Why are plants green?

Discussion in 'Earth Science' started by esbo, Jul 20, 2011.

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  1. Walter L. Wagner Cosmic Truth Seeker Valued Senior Member

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  3. Ellis Registered Senior Member

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    I think one of the most fascinating aspects to reading sciforums is the crackpot, troll, delusional rambler aspect to the occasional post. Of course, the primary reason for me reading (as I have for several years) is the incredible wealth of knowledge that is able to be tapped on such a huge variety of subjects. So, for me, the lengthy posts on this subject have been interesting yet, I'm even more interested in the continued responses from the original poster. I don't understand people like this... at all. I'm not sure what continues to motivate their responses after their obvious avoidance of repeated relevant engagement on their topic. It's like they have no sense of shame... to boil it down. I can't honestly believe it's as simple as being a debate tactic, as they are intelligent enough to engage in a cursory manner, therefore, the obvious must be at least, somewhat discernible. Delusion is not a consideration for me either, as they specifically avoid the "meat and potatoes" of the topic when presented. Any insight? I've given up on Esbo addressing the main topic.
     
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  5. Trippy ALEA IACTA EST Staff Member

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    I have, from time to time, been asked the question why I waste my time on people that are so obviously trolls.

    For what it's worth (and to be perfectly frank) as often as not it's not for their benefit, but the benefit of 'third parties' who may be reading this thread and not commenting, or come across this thread at some future date.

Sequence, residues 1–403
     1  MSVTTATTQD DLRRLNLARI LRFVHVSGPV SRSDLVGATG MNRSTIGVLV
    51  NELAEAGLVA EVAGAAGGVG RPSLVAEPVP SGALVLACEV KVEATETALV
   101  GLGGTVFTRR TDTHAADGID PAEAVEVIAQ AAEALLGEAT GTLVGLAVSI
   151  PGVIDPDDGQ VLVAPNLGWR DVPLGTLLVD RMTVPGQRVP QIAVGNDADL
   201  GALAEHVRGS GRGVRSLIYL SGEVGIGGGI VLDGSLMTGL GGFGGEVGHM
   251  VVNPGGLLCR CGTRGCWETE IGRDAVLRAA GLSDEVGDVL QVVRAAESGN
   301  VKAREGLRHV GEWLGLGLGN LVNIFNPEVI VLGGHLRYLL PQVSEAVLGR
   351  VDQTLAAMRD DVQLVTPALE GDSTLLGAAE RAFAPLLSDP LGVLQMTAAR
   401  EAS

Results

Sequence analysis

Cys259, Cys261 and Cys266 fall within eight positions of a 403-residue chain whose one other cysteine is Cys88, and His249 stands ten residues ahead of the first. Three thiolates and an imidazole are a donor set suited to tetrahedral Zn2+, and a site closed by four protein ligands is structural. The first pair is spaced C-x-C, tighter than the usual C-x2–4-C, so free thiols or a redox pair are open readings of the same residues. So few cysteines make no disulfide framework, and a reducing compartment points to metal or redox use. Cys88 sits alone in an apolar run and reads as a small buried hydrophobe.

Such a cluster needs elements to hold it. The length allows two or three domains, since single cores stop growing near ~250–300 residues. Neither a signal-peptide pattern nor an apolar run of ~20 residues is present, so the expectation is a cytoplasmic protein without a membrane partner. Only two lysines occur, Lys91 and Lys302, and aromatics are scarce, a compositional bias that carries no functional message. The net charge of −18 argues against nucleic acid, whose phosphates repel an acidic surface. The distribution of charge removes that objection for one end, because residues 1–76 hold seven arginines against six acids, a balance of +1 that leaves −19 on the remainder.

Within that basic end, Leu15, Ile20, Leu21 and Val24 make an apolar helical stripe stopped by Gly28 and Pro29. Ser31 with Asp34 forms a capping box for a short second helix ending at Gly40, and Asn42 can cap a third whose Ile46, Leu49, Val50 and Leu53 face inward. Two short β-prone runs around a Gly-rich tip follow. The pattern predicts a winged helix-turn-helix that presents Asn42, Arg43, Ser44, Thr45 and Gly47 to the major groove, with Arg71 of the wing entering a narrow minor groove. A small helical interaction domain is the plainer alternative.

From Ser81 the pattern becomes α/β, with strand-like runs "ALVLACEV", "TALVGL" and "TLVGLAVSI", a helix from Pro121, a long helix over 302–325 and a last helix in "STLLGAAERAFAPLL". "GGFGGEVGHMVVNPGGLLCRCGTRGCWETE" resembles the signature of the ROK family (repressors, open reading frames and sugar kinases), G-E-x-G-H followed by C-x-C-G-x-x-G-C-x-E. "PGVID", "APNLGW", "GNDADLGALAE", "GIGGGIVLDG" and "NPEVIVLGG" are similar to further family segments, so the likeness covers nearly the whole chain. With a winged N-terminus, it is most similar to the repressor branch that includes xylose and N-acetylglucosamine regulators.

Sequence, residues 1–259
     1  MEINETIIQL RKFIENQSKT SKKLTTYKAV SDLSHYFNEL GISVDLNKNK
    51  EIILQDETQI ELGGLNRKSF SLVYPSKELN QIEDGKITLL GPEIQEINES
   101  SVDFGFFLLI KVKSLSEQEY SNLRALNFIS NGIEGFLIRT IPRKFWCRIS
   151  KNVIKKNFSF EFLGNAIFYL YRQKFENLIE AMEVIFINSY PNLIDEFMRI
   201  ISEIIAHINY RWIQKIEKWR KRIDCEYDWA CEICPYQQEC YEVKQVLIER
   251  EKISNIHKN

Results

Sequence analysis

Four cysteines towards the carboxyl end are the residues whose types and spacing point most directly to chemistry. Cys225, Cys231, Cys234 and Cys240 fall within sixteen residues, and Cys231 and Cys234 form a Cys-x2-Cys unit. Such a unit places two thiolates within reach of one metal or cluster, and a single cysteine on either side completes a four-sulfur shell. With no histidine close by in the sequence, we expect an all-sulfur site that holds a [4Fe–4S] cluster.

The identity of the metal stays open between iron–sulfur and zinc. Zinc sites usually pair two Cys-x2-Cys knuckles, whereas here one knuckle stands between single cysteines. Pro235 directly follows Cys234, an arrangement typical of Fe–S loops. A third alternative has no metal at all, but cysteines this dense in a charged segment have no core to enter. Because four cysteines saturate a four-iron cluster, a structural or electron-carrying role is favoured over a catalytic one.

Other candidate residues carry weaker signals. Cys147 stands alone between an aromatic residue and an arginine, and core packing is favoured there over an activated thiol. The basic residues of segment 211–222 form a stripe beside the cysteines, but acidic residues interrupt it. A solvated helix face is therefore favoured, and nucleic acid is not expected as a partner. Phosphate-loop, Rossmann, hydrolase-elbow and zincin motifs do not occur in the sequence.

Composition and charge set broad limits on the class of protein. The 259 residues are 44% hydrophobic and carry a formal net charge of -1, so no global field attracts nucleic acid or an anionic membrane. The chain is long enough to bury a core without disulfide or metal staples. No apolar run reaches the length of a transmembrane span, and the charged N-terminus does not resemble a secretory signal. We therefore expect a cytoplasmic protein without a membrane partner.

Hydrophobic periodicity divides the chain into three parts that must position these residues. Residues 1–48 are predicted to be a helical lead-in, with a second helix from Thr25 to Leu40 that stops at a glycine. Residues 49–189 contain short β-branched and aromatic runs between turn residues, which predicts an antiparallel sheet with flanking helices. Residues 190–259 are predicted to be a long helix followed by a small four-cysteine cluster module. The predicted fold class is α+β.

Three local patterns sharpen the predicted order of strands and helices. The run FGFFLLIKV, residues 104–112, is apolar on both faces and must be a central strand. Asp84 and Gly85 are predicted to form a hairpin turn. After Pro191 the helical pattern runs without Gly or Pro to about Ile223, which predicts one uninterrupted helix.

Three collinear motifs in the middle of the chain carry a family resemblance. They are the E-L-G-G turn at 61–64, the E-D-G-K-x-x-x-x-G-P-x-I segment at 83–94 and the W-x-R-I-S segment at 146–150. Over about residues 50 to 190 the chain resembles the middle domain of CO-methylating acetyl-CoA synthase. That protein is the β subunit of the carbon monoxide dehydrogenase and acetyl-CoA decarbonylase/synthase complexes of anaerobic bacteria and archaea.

When I went through Highschool, my teachers encouraged me to ask questions, because you can gaurantee that for everyperson that asks a question, there's ten others thinking it.
     
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  7. scheherazade Northern Horse Whisperer Valued Senior Member

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    That you put considerable effort into your posts is obvious, Trippy, and no doubt greatly appreciated by the 'silent majority' of people who frequent this forum.

    Observable that there are usually hundreds of people viewing threads, while often only a few dozen are posting.

    You had good teachers in high school, by your comment made. My teachers also stressed the point that the only 'dumb question' was the one that never got asked.

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  8. Trippy ALEA IACTA EST Staff Member

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    One of the points that was made repeatedly during my highschool, and university careers was that the teachers, and lecturers weren't there to teach us what to think, they were teaching us how to think.
     
  9. Ellis Registered Senior Member

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    Well, thank you very much for your posts, Trippy. I've been reading content on this site silently for some time. I've learned a lot and appreciate it, cheers.
     
  10. Captain Kremmen All aboard, me Hearties! Valued Senior Member

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    Where is the little mouse anyway?
    Esbo. Where are you? I have some cheese for you.
     
  11. juliet2011 Registered Member

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    i get the same feelings.
     
  12. esbo Registered Senior Member

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    Been doing a spot of gardening, having some trouble with plants that are struggling, the leaves are turning yellow.

    I am not sure why, I think it is because the sol is poor or too wet, not sure why that makes the leaves lose their colour.
    Maybe they can take up nutrients.

    I added potassium (Epsom salts) as potassium is in chlorophyll, but then so is nitrogen.

    I think the problem is the soil is heavy and air can't get to the the roots.
     
  13. Me-Ki-Gal Banned Banned

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    You probably have a potash problem . You will know if you start to get cellular collapse on your Tomato plants , but typically your foliage will look real good until the stems start to collapse from there own weight, or more likely it could be to much nitration . Over feeding will lead to yellow leafage . Over watering also like you said will drowned the plant and cause yellowing on the leaf . Good luck with that
     
  14. wlminex Banned Banned

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    . . . . plants appear "green" to us (humans) . . . . they appear different to insects - an attractive property. If dogs are truly 'color-blind' plants most likely apprear various shades of gray.